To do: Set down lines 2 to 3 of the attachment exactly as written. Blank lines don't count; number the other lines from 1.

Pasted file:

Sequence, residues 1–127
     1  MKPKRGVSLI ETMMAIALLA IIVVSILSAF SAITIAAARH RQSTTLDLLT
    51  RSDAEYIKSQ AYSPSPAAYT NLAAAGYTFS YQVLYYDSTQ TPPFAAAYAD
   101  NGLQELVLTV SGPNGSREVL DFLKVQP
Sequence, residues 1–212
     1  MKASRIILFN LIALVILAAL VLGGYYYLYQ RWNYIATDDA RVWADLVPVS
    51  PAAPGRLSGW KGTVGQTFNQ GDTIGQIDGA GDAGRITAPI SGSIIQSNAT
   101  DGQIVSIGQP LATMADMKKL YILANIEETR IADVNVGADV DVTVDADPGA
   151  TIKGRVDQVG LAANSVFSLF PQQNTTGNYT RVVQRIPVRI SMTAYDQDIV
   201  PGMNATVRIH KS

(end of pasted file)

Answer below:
     1  MKPKRGVSLI ETMMAIALLA IIVVSILSAF SAITIAAARH RQSTTLDLLT
    51  RSDAEYIKSQ AYSPSPAAYT NLAAAGYTFS YQVLYYDSTQ TPPFAAAYAD